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U.N. Chief Warns Arms Smugglers From Syrian Could Threaten Lebanon Cease-Fire

The U.N. chief warned Saturday that arms smuggling from Syria could threaten the cease-fire in Lebanon and urged full compliance with a U.N. resolution that ended the summer war between Hezbollah and Israel.

U.N. Resolution 1701 which halted the 34 days of fighting calls among other things for a stop in arms shipments to Hezbollah guerrillas and demands the "unconditional release" of two Israeli soldiers the militants captured, triggering the conflict.

Noting allegations that the arms embargo on Hezbollah was not being enforced, U.N. Secretary-General Ban Ki-moon met Friday with Lebanese security chiefs during his two-day visit to Lebanon to discuss ways of enhancing the Lebanese army's monitoring capabilities of the along border with Syria, one of Hezbollah's principal patrons.

The leading Lebanese daily An-Nahar reported Saturday that Ban told the Lebanese security chiefs that Israel had provided him with "evidence and pictures" of trucks crossing from Syria to Lebanon and unloading weapons.

On Saturday, Ban again voiced concern about the reported arms smuggling.

"There are intelligence reports that arms are smuggled. I am concerned by that kind of arms smuggling, which will destabilize the situation in Lebanon," he told reporters during a stop at the headquarters of the U.N. peacekeeping force in southern Lebanon.

Ban urged all sides to obey the U.N. resolution and expressed the need for "an enhanced monitoring capacity of the Lebanese armed forces to ensure that there will be no such smuggling activity."

Defense Minister Amir Peretz told Ban during a stop in Israel in March that the U.N.-brokered cease-fire in southern Lebanon is endangered by Hezbollah militants. He accused the Iranian- and Syrian-backed guerrillas of continuing to receive arms shipments from Syria.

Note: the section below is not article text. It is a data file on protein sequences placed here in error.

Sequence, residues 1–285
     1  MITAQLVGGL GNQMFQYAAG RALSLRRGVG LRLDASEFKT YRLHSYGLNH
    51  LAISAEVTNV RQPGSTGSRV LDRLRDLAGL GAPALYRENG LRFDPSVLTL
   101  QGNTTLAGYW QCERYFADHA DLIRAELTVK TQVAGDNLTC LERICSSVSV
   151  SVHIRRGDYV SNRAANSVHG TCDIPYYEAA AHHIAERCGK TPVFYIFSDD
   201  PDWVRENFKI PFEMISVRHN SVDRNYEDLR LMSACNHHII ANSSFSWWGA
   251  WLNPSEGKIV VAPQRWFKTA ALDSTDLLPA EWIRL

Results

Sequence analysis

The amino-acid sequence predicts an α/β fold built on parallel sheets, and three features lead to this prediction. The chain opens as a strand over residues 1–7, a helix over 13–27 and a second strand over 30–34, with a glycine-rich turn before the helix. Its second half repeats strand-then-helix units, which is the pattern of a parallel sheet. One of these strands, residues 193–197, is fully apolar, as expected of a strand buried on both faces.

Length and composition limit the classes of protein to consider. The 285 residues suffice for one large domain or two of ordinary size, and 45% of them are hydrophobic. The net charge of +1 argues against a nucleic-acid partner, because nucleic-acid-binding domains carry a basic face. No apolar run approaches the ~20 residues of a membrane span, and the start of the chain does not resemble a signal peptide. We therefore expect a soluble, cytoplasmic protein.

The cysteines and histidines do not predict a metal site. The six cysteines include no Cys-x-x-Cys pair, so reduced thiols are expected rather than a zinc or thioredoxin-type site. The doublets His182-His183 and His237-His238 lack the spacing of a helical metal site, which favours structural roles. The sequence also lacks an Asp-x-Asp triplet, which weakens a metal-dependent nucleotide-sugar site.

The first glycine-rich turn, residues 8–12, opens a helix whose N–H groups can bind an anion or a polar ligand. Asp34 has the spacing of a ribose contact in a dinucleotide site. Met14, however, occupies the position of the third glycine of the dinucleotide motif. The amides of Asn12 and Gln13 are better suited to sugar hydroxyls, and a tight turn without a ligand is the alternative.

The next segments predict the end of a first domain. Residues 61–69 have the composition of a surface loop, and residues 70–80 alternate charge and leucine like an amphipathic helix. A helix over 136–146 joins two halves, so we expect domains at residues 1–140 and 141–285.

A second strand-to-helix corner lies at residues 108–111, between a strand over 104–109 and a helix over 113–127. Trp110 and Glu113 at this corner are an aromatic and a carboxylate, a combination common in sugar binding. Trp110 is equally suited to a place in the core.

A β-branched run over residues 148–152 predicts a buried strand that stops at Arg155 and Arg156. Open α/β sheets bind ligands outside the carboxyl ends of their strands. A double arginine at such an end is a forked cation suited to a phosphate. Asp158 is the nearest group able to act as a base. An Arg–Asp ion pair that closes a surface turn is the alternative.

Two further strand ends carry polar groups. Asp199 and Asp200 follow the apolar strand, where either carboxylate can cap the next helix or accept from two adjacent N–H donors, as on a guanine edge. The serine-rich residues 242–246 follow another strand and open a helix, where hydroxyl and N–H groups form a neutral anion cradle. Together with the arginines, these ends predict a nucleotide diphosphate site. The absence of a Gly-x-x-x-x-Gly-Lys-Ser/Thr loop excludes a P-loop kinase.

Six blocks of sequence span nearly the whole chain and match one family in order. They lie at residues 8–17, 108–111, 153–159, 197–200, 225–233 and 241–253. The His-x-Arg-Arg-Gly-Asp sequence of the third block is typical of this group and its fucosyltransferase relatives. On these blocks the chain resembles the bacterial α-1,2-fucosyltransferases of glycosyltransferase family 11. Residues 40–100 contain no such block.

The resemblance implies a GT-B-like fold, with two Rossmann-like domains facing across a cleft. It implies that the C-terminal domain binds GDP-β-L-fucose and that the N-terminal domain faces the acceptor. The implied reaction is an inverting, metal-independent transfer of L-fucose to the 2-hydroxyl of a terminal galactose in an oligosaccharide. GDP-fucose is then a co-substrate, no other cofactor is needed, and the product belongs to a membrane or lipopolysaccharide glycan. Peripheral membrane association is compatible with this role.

Lebanese leaders have rejected Israeli claims that weapons smuggling continues.

Prime Minister Fuad Saniora, who is opposed to Hezbollah and Syrian influence, said at a news conference with Ban in Beirut on Friday that the Lebanese government was trying to improve its monitoring capabilities but stressed that "not one single case of arms smuggling across the border" with Syria has been recorded.

His defense minister, Elias Murr, recently said that not a "single mosquito" is getting across the border, adding that Hezbollah did not need to resupply. On Friday, the defense minister again dismissed reports of arms smuggling through Syria as "not true."

But Hezbollah has boasted that it replenished its stockpile of rockets after the war.

Israeli warplanes have continued to fly reconnaissance missions over Lebanon though Beirut and the United Nations consider them a violation of the cease-fire and have demanded Israel stop the overflights. Israel has refused, saying they are vital intelligence-gathering missions. But an internal Israeli military document has said the flights are intended in part to pressure the international community to stop arms smuggling to Hezbollah guerrillas and release the two abducted Israeli soldiers.

The U.N. chief arrived Thursday in Beirut from Saudi Arabia, where he attended an Arab summit. His Mideast tour has already taken him to Iraq, Jordan, Egypt, Israel and the Palestinian territories.

On Friday, Ban also expressed disappointment that there had been no progress toward the release of two Israeli soldiers whose capture during a cross-border raid triggered the fighting.

Hezbollah has not provided any information about the conditions of the two soldiers seized on July 12 and has insisted they would be released only through a prisoner exchange with Israel.

Ban also traveled by helicopter to southern Lebanon near the Israeli border to thank the peacekeepers from 30 countries who are monitoring the cease-fire. He was briefed by senior commanders at the headquarters of the U.N. Interim Force in Lebanon at the Lebanese coastal border town of Naqoura. He later flew by helicopter over the Blue Line, the U.N.-demarcated border between Lebanon and Israel, and made stops at several of the force's bases before departing for New York.

"This is an occasion for me to express my gratitude in person to all of you," he said during a ceremony at the headquarters. He also paid homage to those who "paid the ultimate sacrifice" and those who were injured during the 29-year-old mission in southern Lebanon.

UNIFIL first deployed in Lebanon in 1978 after an Israeli invasion but has been ineffective over the years. The fighting between Hezbollah and Israel last summer killed more than 1,000 in Lebanon and 159 Israelis.

The cease-fire resolution called for a reinforced UNIFIL, which now numbers close to 13,000. It currently patrols a weapons-free zone alongside some 15,000 Lebanese troops.